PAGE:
Motivational mottos that will help your content marketing

Oddly, I’m one of the first people to look at a quote and find it cheesy. However, there are certain mottos that break that hard outer shell and hit me right where I need it: be it my mind, my heart, or my emotions.

Below is a list of motivational quotes and sayings that I swear by in my daily life. I hope one or more of them can help you achieve your goals as well!

KISS Method

If you’ve never heard of this one before, KISS stands for “Keep It Simple Silly” (or some variation of “silly”). The idea is rooted in not overthinking things.

If you find yourself in a position where your wheels are spinning, ask yourself if you’re doing too much. Sometimes simplifying things or leaving them as-is, may solve your problem.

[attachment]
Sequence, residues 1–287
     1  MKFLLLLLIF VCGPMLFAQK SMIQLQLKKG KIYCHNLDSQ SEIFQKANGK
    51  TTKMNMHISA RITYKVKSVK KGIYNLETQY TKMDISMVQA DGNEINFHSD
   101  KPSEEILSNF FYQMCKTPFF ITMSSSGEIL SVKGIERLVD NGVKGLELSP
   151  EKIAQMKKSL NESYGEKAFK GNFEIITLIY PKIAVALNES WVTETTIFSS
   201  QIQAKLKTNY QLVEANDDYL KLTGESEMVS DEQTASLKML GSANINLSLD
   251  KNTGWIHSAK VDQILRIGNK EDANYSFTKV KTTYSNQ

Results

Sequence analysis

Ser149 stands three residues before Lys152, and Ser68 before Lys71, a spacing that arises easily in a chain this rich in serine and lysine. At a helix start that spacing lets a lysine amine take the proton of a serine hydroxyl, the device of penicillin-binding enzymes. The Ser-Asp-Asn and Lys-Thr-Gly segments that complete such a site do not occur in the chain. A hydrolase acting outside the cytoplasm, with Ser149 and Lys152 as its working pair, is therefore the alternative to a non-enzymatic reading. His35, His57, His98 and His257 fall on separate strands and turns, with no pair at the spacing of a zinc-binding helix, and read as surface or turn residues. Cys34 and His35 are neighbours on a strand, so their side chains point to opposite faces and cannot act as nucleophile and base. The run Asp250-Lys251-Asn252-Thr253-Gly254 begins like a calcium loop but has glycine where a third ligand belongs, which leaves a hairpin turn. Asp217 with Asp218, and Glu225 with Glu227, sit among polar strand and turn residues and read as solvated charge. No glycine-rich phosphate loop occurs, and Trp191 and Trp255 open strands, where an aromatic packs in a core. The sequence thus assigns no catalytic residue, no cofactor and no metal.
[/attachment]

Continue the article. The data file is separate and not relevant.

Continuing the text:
Just because you can, doesn’t mean you should

This links up with other quotes here, but I’ve famously said this one more than once because I see people who attempt to do things they should otherwise leave to someone more experienced at said task.

When I have a problem with my plumbing, for example, I’m just going to call a plumber. I can fix certain things, but my knowledge and experience with plumbing isn’t such that I need to create more issues by being stubborn and doing it myself.

Seek help where you need it: there’s no shame in admitting you cannot do something. This philosophy should also free you up to better concentrate on those things are you good at!

You don’t have to be great, you just have to be good

As mentioned above, this quote may seem to contradict what I just said. However, this is more of the KISS method application of worrying about perfection.

You may need to lower your bar as to the standard of what it is you’re trying to accomplish. Perfectionists will never get anything done because they’re always looking for things to fix. Don’t complicate the process: if it’s good, chances are others will believe it’s great… simply because you’ve already set your bar too high!